1975 - 1980
The Air District began 1975 by inaugurating a new radio communication system using two new transmitters and a computer linkup, accelerating the dispatch of air pollution complaints to inspectors in the field for investigation. This was also the year that the California Air Resources Board adopted new emission standards for 1977-model automobiles and 1978-model motorcycles.
The Environmental Decade Continues
While a peanut farmer and former Governor of Georgia was struggling for attention as a credible presidential candidate in 1976, the Air District adopted a landmark odor regulation that set emission standards based on odor thresholds of chemically identifiable substances.
Air District inspectors communicate with District headquarters, using the new radio dispatch system implemented in 1975 to facilitate investigation of complaints.
In 1977, the national Clean Air Act Amendments were adopted, with far-reaching effects on air districts across the country. That same year, the Air District began discussions on the shape and feasibility of an emissions offset rule for trading of industrial pollution credits.
The effects of air pollution on visibility are evident in these photos taken from San Francisco's Twin Peaks in 1976.
1978 was a year of transition for the Air District. State legislation changed the Air District's name from "Bay Area Air Pollution Control District" to "Bay Area Air Quality Management District," the Air District's toll-free complaint line (1-800-334-ODOR) became operational, and Milton Feldstein was named Air Pollution Control Officer. He would take office at the beginning of the next year, beginning a distinguished 17-year term as the head of the agency.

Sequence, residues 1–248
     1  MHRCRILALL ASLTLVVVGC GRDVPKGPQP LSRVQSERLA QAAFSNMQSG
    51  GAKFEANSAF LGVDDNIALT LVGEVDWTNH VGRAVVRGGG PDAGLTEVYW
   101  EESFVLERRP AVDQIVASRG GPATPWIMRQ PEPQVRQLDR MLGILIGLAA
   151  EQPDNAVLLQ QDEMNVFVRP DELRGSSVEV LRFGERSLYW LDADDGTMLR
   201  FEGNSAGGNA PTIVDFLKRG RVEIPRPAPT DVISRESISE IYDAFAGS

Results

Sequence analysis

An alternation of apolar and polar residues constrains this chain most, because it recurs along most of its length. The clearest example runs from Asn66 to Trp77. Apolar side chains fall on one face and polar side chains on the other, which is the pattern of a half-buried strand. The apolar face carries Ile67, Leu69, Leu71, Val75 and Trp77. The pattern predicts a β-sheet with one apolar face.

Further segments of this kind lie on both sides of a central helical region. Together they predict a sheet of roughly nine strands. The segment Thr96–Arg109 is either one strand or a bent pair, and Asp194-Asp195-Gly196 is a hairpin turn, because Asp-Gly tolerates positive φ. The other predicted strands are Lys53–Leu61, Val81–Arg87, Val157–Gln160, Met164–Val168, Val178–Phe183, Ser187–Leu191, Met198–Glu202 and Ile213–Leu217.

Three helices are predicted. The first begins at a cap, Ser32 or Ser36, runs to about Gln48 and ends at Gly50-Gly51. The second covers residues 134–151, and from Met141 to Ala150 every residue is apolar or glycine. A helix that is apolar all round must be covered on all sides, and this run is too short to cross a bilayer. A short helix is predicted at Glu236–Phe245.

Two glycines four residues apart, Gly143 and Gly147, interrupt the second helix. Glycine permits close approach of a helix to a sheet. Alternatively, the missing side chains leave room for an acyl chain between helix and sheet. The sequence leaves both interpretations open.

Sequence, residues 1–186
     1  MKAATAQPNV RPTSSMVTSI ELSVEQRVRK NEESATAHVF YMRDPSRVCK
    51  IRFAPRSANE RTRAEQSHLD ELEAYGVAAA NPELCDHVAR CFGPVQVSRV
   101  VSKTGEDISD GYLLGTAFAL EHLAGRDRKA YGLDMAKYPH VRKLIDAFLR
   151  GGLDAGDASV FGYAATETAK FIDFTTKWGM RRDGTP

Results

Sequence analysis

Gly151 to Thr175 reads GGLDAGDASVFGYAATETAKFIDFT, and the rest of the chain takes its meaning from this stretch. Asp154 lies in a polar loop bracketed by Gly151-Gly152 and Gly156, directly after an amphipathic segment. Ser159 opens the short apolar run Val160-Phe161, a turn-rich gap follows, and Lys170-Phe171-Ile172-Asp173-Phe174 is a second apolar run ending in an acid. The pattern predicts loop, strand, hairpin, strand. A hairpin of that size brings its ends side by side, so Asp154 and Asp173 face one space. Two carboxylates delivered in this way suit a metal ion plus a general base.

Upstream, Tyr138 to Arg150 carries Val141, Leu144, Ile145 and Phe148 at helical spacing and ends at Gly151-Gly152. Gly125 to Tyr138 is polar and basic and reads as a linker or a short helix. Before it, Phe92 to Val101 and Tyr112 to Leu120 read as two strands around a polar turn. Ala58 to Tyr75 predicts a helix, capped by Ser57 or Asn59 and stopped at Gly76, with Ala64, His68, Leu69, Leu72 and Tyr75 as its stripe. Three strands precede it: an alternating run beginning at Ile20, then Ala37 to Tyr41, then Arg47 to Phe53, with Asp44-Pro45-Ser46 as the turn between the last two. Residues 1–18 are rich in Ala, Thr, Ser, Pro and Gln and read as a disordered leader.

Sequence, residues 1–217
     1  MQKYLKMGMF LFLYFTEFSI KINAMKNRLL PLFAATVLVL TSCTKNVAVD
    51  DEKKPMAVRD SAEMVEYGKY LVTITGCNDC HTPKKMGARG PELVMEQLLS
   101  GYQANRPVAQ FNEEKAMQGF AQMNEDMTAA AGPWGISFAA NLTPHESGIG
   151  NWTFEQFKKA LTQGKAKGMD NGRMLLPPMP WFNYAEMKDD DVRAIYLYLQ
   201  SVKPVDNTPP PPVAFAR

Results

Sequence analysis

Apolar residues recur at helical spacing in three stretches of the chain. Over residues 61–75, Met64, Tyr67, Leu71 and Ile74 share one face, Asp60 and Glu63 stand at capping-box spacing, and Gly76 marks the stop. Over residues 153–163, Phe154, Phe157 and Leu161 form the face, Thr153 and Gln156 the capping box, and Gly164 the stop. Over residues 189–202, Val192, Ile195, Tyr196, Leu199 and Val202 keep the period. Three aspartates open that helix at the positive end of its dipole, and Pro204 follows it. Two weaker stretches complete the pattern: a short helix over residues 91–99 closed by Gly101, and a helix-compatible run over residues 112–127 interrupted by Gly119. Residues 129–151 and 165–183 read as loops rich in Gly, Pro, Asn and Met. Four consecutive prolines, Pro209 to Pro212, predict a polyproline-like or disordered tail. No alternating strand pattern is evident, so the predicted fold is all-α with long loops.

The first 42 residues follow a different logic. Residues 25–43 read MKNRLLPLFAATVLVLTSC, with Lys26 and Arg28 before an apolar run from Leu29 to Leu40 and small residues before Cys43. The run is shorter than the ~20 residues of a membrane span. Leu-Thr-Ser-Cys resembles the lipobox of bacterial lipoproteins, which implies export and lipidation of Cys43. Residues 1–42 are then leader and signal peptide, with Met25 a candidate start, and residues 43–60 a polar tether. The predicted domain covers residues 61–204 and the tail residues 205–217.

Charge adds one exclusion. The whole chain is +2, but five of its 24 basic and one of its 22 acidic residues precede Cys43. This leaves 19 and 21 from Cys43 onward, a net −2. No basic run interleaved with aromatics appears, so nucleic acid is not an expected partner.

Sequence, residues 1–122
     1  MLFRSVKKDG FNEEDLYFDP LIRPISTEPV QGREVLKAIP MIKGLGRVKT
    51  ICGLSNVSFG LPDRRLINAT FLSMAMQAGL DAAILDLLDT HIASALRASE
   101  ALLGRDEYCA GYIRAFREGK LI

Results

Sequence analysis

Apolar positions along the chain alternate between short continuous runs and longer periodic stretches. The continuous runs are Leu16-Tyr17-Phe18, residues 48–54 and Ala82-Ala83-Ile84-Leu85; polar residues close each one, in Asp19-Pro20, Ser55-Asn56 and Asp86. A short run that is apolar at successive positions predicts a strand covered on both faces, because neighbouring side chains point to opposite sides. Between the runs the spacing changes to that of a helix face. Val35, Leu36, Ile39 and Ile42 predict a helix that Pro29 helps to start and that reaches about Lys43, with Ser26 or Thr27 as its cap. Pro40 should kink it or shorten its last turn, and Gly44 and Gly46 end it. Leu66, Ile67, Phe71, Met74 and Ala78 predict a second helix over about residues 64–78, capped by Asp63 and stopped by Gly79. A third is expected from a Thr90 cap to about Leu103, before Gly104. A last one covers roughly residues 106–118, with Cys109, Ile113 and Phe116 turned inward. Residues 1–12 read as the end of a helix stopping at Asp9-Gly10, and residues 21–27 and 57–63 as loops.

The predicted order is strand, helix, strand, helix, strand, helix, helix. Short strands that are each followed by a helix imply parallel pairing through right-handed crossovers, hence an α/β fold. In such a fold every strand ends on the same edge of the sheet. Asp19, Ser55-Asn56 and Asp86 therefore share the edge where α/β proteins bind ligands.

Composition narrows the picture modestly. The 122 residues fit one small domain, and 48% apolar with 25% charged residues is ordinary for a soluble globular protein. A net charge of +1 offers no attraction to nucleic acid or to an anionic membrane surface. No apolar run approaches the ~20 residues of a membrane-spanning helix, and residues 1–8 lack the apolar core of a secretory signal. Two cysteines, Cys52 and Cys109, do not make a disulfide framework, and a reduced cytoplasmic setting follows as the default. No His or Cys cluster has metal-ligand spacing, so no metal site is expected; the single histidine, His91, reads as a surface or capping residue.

In 1979, Air Pollution Control Officer (APCO) Milt Feldstein began a long and fruitful term as head of the Air District. He worked as an employee of the agency for 38 years, serving as APCO until 1996. The San Francisco building housing the Air District's offices was dedicated to him in 1998.
In 1979, the Pollutant Standards Index (forerunner of the Air Quality Index, or AQI) was introduced by the EPA to give the public easily understandable information about air quality readings; and the Air District's New Source Review regulation for stationary sources of emissions was adopted, allowing facilities to "bank" emissions credits.
As the "environmental decade" came to a close, the Air District began preparing for the challenges entailed by soaring regional population growth, and the accompanying increase in the number of automobiles and miles traveled on Bay Area roadways.
The first integrated regional air quality ozone model in the nation is completed by the Air District, in conjunction with Lawrence Livermore Laboratories and NASA-Ames Research Center.
Bay Area emission limits on nitrogen oxides take effect.
The Air District begins use of a new radio communications system, involving two transmitters and a computer linkup, accelerating the dispatch of air pollution complaints to inspectors in the field for investigation.
ARB limits lead in gasoline in California.
The Air District adopts its first yearly permit renewal requirements. Facility operators must provide the Air District with yearly updates of certain emission parameters for their permitted operations.
Amendments to the Clean Air Act are enacted by the U.S. Congress.
The Air District's name is changed to the Bay Area Air Quality Management District
The New Source Review regulation is adopted, allowing for a system of emissions banking.
The Air District's Planning Division is created during a reorganization of the District's operating structure.
The Air District's regulations are recodified into an easier to use format.
The Air District unveils its proposal for an Inspection and Maintenance — or "Smog Check" — program for automobiles, which eventually is modified and signed into law.